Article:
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Attraction (Ruby Porter, Text)

Auckland-based writer Ruby Porter’s debut novel Attraction, winner of the inaugural Michael Gifkins Prize for an unpublished novel, is a melancholic and haunting meditation on postcolonial guilt and the stories we tell ourselves in order to keep going. The unnamed narrator at the centre of Porter’s narrative embarks on a road trip with her best friend, Ashi, and her sort-of girlfriend, Ilana, to her family bach, the New Zealand equivalent of a modest family home. Attraction is steeped in such cultural references, firmly rooting it in a particular time and place—the characters’ dialogue and recollections are peppered with Māori words and Kiwi slang as they journey between cities that have been subsumed by white settler names such as Auckland and Levin. The North Island’s landscape is sketched with meticulous detail—the white and lined sandstone cliffs are contrasted with deserts rich in pumice, tussock and ash, each location serving as a reminder of how the narrator takes up room on stolen land that will never be hers. At times, the opaque narrator falters beneath the weight of the story, which becomes a vessel for the exploration of disparate social issues, from sexuality, mental illness and chronic pain to intergenerational trauma and poverty. But at its heart, Attraction is a novel about the weight of personal history and will appeal to readers of postcolonial stories and queer novels.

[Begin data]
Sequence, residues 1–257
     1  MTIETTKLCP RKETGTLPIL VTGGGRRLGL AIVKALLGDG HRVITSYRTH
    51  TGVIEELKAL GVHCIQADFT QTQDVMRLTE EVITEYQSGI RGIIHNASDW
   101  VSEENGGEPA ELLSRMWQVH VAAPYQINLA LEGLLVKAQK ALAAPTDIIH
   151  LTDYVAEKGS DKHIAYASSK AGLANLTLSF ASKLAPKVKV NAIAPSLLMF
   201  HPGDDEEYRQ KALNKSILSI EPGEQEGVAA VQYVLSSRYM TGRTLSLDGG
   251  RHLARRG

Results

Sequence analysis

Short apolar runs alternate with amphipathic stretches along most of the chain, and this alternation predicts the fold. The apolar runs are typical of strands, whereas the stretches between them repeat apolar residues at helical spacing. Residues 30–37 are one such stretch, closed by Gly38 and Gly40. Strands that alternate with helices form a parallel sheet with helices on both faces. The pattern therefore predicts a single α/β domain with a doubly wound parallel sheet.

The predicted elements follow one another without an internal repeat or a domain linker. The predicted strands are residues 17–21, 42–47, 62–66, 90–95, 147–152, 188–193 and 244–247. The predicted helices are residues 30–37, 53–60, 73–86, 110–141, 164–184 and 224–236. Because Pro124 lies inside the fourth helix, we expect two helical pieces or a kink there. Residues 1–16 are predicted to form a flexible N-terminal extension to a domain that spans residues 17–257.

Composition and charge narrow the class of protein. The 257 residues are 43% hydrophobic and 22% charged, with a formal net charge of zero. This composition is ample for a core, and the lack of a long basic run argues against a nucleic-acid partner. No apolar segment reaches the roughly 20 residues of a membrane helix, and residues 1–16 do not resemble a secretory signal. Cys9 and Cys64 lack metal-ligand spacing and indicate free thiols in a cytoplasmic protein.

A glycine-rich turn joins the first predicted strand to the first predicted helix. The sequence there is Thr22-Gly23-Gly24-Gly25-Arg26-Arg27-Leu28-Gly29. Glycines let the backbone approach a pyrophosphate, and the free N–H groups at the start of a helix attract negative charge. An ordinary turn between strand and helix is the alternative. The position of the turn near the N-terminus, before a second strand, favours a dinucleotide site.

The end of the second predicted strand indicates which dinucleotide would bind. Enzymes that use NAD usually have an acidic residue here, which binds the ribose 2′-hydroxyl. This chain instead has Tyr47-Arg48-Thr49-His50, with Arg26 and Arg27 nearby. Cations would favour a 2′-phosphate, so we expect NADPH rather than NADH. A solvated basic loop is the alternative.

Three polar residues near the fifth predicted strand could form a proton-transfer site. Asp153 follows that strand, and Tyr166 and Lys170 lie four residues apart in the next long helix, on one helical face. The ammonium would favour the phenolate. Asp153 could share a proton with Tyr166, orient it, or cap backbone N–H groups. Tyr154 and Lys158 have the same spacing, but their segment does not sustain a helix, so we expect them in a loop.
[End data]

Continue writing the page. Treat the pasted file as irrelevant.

Sonia Nair is a Melbourne-based writer and critic

 

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